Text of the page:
Saturday, March 08, 2014

Companies don't always 'get' productivity

Automattic, the creator of the WordPress blog, powers almost 19% of the Internet with only 225 employees. Almost none of these people work in the same office or even the same city.

CEO Matt Mullenweg explains, "In (many) businesses, if someone shows up and isn't drunk, doesn't sleep at their desk, and is dressed nicely, it's assumed that they're working. But it doesn't account for what they've created during the day. Many people can create great things without living up to those norms. Our company measures work based on outputs. I don't care what hours you work, or if you sleep late, or if you pick a child up from school in the afternoon. It's about your output."

Focusing their hiring practices, management style, and employee rewards on performance has helped make the company's distributed model successful well beyond what people assumed was the tipping point for growth.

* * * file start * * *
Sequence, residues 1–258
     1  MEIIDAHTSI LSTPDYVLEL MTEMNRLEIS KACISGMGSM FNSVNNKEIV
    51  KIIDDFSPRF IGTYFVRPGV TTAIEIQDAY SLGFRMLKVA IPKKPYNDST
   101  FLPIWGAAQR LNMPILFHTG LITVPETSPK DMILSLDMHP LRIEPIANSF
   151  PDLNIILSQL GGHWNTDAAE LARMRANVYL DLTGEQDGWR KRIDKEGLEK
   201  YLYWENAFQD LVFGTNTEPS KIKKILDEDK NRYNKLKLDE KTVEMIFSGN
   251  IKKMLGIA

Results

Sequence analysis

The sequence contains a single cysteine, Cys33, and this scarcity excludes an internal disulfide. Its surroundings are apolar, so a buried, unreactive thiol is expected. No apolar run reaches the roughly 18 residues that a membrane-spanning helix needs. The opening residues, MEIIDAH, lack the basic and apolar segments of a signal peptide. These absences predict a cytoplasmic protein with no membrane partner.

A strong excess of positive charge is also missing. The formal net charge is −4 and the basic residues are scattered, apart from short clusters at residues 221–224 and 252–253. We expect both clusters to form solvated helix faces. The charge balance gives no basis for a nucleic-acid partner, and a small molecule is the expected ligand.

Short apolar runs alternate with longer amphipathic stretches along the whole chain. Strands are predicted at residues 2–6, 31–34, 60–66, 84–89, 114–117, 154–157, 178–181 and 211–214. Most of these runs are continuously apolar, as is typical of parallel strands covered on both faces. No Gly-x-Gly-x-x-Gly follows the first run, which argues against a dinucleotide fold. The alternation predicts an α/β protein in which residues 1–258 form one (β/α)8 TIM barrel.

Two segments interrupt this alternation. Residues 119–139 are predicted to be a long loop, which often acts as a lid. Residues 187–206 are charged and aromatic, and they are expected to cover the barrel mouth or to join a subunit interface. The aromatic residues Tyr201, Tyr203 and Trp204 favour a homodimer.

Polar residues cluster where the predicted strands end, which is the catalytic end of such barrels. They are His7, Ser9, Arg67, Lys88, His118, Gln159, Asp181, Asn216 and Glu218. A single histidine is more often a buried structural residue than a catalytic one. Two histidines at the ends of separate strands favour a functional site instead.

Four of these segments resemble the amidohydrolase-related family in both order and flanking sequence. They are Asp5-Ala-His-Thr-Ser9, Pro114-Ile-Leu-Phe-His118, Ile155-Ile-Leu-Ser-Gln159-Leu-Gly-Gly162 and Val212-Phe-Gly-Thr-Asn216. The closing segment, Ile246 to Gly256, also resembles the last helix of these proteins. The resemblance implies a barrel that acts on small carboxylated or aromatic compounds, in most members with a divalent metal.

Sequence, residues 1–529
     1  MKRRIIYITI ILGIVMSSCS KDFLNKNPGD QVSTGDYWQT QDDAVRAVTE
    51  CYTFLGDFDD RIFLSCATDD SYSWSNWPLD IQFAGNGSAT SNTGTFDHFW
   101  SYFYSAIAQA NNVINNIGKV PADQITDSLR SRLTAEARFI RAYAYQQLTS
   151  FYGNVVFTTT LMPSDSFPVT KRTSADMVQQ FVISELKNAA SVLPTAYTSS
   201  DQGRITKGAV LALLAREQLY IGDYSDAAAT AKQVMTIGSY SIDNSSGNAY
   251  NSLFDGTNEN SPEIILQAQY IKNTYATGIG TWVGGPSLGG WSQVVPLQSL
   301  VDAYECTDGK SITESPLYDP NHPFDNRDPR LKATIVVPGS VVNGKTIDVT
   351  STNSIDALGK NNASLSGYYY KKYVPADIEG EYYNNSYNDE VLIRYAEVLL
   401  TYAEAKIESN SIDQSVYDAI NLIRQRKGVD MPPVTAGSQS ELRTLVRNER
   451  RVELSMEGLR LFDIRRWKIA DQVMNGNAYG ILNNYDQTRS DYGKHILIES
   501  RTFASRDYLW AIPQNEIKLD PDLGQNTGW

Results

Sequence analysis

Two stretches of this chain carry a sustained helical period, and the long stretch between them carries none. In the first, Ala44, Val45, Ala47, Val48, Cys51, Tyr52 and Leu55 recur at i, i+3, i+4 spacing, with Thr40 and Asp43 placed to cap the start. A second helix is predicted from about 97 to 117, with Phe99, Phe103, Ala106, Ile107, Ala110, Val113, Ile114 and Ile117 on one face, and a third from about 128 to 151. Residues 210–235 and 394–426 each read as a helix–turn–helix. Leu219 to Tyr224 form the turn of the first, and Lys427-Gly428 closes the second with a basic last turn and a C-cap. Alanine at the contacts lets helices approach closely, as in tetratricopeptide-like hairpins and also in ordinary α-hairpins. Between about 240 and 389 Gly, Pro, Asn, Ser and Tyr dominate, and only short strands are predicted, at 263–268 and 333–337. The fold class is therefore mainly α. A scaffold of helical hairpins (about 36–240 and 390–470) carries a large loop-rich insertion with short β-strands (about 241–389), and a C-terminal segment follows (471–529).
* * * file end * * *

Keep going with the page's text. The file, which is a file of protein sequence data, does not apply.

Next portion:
The traditional office isn't something that has some magical effect on productivity. When done right, many people are more productive and happier working on their own schedules. When remote work doesn't function well, it's usually because people aren't held accountable.

Getting the right people isn't easy, though. Automattic approaches the hiring process as a tryout or audition rather than an interview. Employees are first hired on a contract basis for a trial period. They can work nights or weekends while still at another job, and all are paid $25 an hour, regardless of what they applied for. And the candidates do real work for the company, the same as what they'd do in their eventual full-time positions.

"It tells you something you can’t learn from resumes, interviews, or reference checks."

About 40% of the people who go through the tryout get hired. Though the process is time-consuming (the CEO spends at least a third of his time on hiring), it has also led to extremely low turnover.

[Adapted from a talk by Matt Mullenweg]

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